Fake Bill Keller column represents emerging form of social hoax

I suppose some congratulations are in order to the folks at WikiLeaks. They appear to have spent months planning a hoax and pounced when the right conditions presented themselves.

The result was a fake Bill Keller New York Times column that fooled journalists, including the Times’ own Nick Bilton. The column generated discussion and attracted attention to the WikiLeaks cause, which I imagine was the point.

At the same time, the hoax had a shelf life of less than 24 hours. The hoax op-ed began circulating Saturday night and on Sunday morning Keller knocked it down on Twitter:


That was enough time to make a dent in the media consciousness, but a relatively small impact given what seems to be a decent amount of time spent planning the hoax. An encouraging dynamic.

Josh Stearns put together a great Storify of how the hoax spread and how it was picked apart piece by piece after Keller tweeted it was a fake. (The Storify is embedded below.)

As is often the case with hoaxes, the trickery seems obvious once exposed. But it appears this hoax took more planning than, say, the attempt to fool people into believing that Kanye West had launched a new website.

This was more in the realm of the recent Shell Arctic hoax, which included fake websites, fake social media accounts, and even fake outrage. It was a hoax designed not just to fool, but to spread. The WikiLeaks hoax was similarly designed.

Stearn’s Storify collected a variety of revelations about the planning and execution of the hoax:

  • The domain that housed the fake column was opinion-nytimes.com. That would seem to be a red flag, as NYTimes.com is the real site. But many who subsequently shared the column used Twitter, which means the URL people clicked on was shortened. (Though it’s interesting that the WikiLeaks account, for example, did not use a shortener when it first tweeted the hoax.)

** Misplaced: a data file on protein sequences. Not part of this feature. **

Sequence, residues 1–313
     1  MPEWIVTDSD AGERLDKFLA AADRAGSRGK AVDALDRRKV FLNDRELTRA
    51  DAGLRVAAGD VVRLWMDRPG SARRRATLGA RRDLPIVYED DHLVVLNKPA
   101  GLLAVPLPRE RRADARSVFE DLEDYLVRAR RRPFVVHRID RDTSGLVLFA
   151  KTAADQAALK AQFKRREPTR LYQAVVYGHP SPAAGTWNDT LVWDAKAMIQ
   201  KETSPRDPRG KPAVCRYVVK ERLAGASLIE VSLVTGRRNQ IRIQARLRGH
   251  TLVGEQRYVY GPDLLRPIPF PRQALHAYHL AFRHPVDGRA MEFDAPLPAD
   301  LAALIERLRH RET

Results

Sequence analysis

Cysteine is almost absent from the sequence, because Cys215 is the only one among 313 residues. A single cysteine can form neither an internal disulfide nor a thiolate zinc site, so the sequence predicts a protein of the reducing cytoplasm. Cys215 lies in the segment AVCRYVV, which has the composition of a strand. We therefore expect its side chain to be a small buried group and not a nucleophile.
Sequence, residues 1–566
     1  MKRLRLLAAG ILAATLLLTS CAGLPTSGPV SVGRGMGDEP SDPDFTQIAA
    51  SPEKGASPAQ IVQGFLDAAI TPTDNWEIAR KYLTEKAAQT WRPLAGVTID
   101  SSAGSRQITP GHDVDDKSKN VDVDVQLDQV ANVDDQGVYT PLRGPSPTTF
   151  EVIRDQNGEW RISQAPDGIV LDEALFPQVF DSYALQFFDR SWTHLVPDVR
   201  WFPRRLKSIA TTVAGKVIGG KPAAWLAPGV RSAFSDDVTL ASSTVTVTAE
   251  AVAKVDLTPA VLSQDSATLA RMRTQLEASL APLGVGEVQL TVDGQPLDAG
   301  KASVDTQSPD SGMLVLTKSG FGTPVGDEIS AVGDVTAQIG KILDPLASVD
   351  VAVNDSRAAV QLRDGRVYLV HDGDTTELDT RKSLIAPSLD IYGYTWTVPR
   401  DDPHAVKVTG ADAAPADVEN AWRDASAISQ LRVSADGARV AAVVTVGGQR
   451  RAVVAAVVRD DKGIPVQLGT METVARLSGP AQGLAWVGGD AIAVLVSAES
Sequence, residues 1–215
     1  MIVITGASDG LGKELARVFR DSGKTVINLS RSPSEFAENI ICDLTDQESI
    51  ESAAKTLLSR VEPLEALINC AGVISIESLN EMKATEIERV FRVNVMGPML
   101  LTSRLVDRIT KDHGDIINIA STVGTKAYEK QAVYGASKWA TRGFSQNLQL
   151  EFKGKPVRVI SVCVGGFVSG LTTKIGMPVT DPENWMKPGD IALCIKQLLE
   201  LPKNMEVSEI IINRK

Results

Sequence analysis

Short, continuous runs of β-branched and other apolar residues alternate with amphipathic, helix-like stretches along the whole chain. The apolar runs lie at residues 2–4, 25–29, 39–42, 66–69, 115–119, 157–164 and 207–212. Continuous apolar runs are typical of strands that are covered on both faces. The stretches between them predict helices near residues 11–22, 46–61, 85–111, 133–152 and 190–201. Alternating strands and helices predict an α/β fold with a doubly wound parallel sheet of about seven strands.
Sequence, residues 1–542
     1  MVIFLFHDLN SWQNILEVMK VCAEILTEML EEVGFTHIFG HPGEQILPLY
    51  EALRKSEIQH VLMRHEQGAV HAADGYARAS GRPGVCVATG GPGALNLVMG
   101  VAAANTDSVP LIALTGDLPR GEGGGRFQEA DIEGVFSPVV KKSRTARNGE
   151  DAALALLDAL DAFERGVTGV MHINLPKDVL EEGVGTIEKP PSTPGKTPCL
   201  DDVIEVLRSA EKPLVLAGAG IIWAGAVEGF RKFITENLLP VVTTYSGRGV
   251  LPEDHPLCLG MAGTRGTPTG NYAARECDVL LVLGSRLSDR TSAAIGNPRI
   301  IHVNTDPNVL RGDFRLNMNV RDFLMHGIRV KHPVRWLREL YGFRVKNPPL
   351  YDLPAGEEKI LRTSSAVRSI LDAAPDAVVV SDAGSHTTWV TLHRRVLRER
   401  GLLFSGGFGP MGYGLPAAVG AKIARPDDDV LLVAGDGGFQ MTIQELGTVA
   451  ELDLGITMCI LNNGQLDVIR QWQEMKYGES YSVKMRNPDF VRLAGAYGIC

• The hoax page layout was very similar to how the New York Times website looks, though with some alterations. For example, New York Times op-eds do not have a “tweet this” button at the top of the story. Admittedly, though, this isn’t something that will jump out at readers. The page looked real enough. And the prominent Twitter button suggests the hoaxsters saw Twitter as the best platform to help spread their work.
  • A look at the who-is record for the site shows it was registered back in March, which suggests a notable measure of forethought.
  • They also created the fake Twitter account @nytkeIler (with an uppercase “i” that appeared to be an “l”) that looked like the real thing at first glance. Many were fooled by this element of the hoax.
  • Finally, the element of timing was important. I think those involved launched it when they did because of actual comments about WikiLeaks that Keller made last week to GigaOm writer Mathew Ingram. Some of Keller’s comments were used in the fake op-ed, giving it a basis in reality. For some, it perhaps created confusion as to which came first: the GigOm post or the op-ed. Given that content flows around so much and is quoted and requoted and reblogged, the hoaxsters were smart to create this kind of confusion, and to include real words in a fake column. I also think they were wise to launch it on a Saturday night. Keller (the real one) is not a constant tweeter and chances were good that he wouldn’t be watching the network at that time, which gave the fake column a head start.

As with the Shell Arctic example, the amount of preparation and forethought places this fakery in the category of a new breed of social hoax. Note that the above elements also represent a blueprint that subsequent tricks will likely follow. So it’s also useful for journalists who want to vet information for red flags.

For tips on how to spot a hoax of this nature, have a look at my B.S. Detection presentation:

And here’s Josh Stearns’ excellent Storify about the WikiLeaks hoax:


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